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10
rottweiler 11:28 am
23 Apr 09
#

My partner is one week off getting his lic back after it was suspened for 7 months for DUI(.059), as a labourer he works for himself and with no work permit granted this was almost the end of his bussiness and our main income so i’ve had to drive him to and from work every day this has been a major stress on our family, his work and our life in general. losing his right to drive has hurt him emotionly and in the hippocket and will not be repeated again.

BUT what got me was the day we were in court a 20yr kid before him had DUI(.065)and with that also failed to stop for police, ran a red light,then mounted a gutter then fled the tarago he was driving to be chased over a fence where police finally captured him. He’s excuse he was scared he’d get in trouble from his parents and was very sorry. he walked out of court with 4months and was granted a work permit allowing him to drive between 6am and 7pm. What lesson did this kid learn it’s ok to drink drive ok to run red lights and run from the police.

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11
chewy14 11:32 am
23 Apr 09
#

rottweiler said :

My partner is one week off getting his lic back after it was suspened for 7 months for DUI(.059), as a labourer he works for himself and with no work permit granted this was almost the end of his bussiness and our main income so i’ve had to drive him to and from work every day this has been a major stress on our family, his work and our life in general. losing his right to drive has hurt him emotionly and in the hippocket and will not be repeated again.

BUT what got me was the day we were in court a 20yr kid before him had DUI(.065)and with that also failed to stop for police, ran a red light,then mounted a gutter then fled the tarago he was driving to be chased over a fence where police finally captured him. He’s excuse he was scared he’d get in trouble from his parents and was very sorry. he walked out of court with 4months and was granted a work permit allowing him to drive between 6am and 7pm. What lesson did this kid learn it’s ok to drink drive ok to run red lights and run from the police.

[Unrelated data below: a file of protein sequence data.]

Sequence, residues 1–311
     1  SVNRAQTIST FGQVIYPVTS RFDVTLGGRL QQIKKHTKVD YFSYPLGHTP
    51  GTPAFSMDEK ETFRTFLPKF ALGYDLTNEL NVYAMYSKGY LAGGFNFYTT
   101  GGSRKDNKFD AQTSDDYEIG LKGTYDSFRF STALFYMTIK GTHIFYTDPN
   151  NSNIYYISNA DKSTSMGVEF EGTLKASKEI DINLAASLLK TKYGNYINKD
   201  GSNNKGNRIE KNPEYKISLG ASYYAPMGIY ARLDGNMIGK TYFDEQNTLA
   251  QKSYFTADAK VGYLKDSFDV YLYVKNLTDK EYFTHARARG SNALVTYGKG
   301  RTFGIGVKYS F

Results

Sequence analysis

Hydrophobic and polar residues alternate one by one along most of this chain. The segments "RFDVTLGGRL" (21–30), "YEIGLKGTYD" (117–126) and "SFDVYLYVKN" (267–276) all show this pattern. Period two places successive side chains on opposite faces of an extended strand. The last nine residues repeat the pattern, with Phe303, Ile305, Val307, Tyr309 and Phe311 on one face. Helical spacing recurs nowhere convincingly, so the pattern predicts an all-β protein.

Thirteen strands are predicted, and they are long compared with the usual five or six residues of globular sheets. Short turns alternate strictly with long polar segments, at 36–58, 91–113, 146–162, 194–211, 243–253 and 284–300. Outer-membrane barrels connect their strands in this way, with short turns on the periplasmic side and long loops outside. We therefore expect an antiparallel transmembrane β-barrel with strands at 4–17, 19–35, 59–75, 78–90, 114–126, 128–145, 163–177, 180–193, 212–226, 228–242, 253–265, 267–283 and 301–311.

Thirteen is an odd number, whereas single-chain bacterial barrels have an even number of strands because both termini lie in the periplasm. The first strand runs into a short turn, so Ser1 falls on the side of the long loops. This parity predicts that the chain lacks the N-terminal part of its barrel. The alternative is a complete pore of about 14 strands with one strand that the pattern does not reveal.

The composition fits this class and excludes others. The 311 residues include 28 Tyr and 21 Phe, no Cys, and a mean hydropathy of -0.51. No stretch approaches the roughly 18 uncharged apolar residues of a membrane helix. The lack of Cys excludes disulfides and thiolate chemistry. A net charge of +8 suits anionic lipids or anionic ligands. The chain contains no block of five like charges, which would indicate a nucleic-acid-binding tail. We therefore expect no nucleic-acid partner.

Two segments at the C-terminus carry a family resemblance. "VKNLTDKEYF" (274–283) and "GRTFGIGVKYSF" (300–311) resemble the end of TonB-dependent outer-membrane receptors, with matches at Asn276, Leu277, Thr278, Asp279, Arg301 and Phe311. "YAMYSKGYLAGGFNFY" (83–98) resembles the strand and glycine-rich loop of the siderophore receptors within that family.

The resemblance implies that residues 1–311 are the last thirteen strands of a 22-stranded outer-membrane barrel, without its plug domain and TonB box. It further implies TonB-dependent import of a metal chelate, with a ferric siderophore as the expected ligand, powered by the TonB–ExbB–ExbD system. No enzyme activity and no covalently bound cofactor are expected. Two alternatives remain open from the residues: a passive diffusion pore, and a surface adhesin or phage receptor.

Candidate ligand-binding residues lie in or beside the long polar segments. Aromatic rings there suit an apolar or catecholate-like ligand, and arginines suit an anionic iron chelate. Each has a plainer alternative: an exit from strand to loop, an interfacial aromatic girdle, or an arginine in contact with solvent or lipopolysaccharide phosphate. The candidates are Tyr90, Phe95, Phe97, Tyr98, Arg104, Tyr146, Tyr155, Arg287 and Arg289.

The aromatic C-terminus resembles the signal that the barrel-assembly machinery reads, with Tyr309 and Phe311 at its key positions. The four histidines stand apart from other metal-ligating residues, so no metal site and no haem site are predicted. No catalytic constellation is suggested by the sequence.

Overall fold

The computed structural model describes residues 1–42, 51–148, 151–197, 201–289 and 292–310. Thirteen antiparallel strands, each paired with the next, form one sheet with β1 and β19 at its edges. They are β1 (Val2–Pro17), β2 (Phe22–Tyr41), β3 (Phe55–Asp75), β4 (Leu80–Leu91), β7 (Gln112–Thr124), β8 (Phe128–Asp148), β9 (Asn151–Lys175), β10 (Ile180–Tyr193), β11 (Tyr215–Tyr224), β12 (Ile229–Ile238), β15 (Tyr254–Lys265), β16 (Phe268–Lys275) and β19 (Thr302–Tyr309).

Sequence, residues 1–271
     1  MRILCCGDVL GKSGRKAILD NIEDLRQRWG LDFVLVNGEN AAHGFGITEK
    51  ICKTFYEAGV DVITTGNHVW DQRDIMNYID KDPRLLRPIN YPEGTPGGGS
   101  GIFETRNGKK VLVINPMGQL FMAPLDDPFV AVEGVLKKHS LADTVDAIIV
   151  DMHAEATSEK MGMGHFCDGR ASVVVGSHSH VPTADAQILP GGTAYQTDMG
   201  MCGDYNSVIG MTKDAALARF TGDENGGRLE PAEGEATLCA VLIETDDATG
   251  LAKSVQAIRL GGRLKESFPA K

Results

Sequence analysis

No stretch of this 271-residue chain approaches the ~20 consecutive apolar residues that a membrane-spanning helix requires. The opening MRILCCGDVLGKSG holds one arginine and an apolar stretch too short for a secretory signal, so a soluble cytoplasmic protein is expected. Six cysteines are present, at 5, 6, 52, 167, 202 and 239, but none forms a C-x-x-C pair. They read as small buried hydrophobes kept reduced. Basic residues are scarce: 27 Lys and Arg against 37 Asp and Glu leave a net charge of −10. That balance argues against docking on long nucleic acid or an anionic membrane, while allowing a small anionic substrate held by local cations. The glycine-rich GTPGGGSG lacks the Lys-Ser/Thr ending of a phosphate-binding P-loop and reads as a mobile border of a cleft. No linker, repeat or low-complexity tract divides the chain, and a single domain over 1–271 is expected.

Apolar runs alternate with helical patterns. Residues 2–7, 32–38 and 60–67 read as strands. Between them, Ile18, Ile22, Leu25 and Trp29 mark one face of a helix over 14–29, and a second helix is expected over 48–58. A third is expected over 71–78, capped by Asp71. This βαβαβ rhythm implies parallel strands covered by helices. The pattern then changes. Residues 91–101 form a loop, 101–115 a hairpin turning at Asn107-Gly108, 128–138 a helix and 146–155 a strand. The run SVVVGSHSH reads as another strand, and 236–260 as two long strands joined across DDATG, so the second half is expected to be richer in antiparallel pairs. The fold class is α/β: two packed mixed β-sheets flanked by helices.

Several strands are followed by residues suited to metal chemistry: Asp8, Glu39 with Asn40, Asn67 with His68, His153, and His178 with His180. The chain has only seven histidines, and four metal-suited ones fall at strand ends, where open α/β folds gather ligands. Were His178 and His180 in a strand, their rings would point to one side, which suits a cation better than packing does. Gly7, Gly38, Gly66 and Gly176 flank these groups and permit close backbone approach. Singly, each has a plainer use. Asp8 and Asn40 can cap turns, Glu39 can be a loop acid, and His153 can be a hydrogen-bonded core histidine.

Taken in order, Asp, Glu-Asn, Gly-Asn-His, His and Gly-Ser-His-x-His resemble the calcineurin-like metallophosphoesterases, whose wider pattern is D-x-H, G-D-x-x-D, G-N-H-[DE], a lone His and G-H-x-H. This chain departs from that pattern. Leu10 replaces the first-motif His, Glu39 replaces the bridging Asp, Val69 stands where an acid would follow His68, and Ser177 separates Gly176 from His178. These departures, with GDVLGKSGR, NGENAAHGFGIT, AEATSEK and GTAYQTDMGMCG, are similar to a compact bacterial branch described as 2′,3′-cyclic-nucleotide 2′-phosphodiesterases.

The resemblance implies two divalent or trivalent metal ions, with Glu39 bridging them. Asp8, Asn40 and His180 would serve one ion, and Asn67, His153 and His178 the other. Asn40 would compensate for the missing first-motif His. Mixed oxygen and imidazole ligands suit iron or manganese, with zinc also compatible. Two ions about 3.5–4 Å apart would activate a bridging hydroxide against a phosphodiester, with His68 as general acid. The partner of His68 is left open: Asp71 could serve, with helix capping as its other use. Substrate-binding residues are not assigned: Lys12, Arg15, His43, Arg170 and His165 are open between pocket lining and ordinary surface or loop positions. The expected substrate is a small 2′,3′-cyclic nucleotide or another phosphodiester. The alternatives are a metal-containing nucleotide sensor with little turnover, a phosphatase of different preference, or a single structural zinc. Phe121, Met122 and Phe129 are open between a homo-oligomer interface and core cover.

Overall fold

Can’t be the full story.

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12
BerraBoy68 11:36 am
23 Apr 09
#

@Rottweiler – sounds a bit odd to me. What circumstance are there behind your husband losing his licence for .059? The penalty seem very excessive for a low end reading which they seem to take into account when sentencing, at least they did in my case.

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13
Spectra 11:38 am
23 Apr 09
#

Spectra said :

More and more people I know are losing their licenses for drink driving, and seem to be SLOWLY getting the message. Unfortunatly it took for them to suffer the consequences to begin to learn.

I would suggest that losing your license is one of the more preferable consequences of drink driving…

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14
dvaey 11:51 am
23 Apr 09
#

chewy14 said :

Can’t be the full story.

She must have neglected to say her partner couldnt afford a lawyer as good as the kid who got off.

On a side note, a mate of mine used to smoke dope on a semi-regular basis partly because he was under 18 and didnt want to drink. He attempted going for a job which required he be drug tested, so he subsequently gave up the grass. The unfortunate side-effect to this was that he slowly took up drinking instead, as he now had spare time and money, was now over 18, and could drink in confidence knowing it wouldnt affect his job drug test. Within about a month of this, he was caught DUI (0.020 on Ps) and was charged. We had been out for the evening, he hadnt driven for 4 hours after 2 drinks, to be safe, then finally went home and got nicked on the way home.

He learnt his lesson the hard way, just because alcohol is legal and ‘safe’, it cost him his chances at the job anyway. He quit drinking, went back to smoking, and is now leading a much happier life without fear of ever losing his license for DUI again.

(Having said this story, within weeks of swapping the weed for the drink, he was involved in a few punchups in civic too, thus making the decision even easier).

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15
FC 11:54 am
23 Apr 09
#

Or how about not regularly using any mind altering substance.
Problem solved (except for whatever the underlying need to use is anyway!)